Tuesday, April 29, 2008

Spicy Asian Sesame/Tahini Soup and Bad Allergy Days

I should consider it a good sign that my allergies are bothering me more than my stomach. That means that the antibiotics I took for my stomach may have actually helped. With the trees blooming, my allergies are a different story. I've been spending a lot of time in the reclining mode, kind of like my cat, Oreo, pictured right. My nasal passages and sinuses are so inflamed I'm only hungry for hot, spicy soup. I can't taste much of anything which explains why this soup is extra spicy.

Spicy Asian Sesame/Tahini Soup

(makes 2 large servings)

This soup is delicious even when you can't hardly taste anything.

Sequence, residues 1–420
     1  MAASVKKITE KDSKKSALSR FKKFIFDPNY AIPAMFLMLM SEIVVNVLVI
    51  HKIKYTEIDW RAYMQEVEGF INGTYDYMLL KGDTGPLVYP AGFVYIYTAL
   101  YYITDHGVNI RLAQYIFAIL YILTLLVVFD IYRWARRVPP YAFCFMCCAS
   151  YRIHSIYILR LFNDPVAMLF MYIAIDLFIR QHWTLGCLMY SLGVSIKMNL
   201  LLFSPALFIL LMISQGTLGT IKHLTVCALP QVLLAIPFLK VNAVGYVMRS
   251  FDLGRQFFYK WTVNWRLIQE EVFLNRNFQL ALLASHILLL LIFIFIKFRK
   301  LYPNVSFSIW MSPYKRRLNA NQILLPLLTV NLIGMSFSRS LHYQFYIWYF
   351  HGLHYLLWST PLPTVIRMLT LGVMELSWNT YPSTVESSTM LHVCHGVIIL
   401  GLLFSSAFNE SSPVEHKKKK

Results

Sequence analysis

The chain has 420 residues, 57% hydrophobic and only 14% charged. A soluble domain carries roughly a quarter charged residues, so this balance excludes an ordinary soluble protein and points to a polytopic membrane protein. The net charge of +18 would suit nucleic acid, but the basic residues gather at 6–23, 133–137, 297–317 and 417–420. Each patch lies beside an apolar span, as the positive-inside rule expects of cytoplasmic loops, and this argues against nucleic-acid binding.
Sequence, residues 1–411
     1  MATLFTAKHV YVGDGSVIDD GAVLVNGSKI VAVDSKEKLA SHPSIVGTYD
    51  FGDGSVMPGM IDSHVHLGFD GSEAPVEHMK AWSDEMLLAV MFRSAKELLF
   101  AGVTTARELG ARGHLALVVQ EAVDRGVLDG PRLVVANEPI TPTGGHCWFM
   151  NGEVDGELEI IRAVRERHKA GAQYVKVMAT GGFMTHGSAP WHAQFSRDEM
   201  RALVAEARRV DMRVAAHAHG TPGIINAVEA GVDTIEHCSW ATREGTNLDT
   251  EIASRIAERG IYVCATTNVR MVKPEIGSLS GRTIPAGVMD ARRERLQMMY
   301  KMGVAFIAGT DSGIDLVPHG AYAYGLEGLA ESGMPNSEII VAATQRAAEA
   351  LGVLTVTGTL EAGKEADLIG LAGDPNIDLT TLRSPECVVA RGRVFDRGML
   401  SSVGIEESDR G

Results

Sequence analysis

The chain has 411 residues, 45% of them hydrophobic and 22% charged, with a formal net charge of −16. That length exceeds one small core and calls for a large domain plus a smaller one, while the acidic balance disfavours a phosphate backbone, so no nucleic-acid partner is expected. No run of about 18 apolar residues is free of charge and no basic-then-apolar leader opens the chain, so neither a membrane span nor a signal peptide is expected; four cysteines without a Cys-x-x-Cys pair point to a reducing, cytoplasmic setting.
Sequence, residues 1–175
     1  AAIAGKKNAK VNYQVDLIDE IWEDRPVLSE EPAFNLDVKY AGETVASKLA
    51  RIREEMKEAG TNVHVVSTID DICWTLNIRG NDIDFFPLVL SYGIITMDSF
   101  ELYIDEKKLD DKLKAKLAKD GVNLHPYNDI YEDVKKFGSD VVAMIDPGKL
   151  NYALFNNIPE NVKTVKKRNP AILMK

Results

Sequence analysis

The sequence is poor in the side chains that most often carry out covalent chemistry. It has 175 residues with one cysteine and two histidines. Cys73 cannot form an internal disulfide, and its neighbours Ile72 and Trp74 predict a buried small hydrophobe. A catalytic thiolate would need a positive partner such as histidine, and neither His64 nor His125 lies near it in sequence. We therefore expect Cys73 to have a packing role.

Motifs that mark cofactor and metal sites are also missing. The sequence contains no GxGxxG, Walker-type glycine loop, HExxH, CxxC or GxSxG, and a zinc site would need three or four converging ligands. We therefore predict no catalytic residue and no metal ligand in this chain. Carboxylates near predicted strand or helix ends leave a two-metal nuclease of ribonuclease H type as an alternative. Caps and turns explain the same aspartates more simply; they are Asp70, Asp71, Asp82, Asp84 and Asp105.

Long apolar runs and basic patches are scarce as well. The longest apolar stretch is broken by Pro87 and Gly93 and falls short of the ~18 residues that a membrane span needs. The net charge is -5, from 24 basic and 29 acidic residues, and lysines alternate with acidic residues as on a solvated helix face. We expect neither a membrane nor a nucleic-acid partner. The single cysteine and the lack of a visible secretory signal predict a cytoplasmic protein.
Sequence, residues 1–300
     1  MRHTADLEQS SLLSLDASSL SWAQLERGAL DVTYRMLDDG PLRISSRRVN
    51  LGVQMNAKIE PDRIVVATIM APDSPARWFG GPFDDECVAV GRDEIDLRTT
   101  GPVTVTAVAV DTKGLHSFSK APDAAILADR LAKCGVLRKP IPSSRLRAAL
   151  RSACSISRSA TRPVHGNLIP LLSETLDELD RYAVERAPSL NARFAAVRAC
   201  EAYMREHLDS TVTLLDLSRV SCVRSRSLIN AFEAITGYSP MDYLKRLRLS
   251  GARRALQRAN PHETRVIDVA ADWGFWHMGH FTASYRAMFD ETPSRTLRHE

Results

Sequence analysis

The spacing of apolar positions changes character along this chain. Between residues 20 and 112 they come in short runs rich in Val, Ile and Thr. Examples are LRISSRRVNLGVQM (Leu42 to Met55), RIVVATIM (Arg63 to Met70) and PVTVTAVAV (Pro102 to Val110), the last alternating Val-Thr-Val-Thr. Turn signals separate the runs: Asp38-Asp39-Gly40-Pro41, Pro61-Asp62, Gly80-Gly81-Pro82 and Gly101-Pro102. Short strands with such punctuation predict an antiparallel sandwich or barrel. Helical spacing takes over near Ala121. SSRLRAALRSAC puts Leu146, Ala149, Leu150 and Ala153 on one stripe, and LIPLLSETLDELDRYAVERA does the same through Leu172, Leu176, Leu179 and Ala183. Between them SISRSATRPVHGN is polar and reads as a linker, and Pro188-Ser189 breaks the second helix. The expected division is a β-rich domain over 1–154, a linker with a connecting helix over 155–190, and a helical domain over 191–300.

2-inch piece of fresh ginger, minced

Optional: 2 cloves garlic minced and 1/4 cup green onions, chopped

2 tsps. olive oil

2 cups chopped red cabbage

1 1/2 cups chopped kale

1 can sliced water chestnuts, drained

2-3 tsp. red curry paste (I actually used 1 T. The amount used depends on the brand purchased. I had Kitchen 88 red curry paste, and it wasn't as hot as some I've used before. My advice: add a little and taste. Then add more if you want it spicier.)

1 T. tahini butter

1 tsp. sesame oil

salt and pepper

3 1/2 cups chicken broth

1 cup plain rice milk (Coconut milk can be used if your stomach can tolerate it.)

1 T. fish oil

1 tsp. agave nectar

1 T. lime juice

quinoa or rice noodles to make 2 servings

2 cups cooked, tail-on medium shrimp

2 T. each chopped fresh basil and cilantro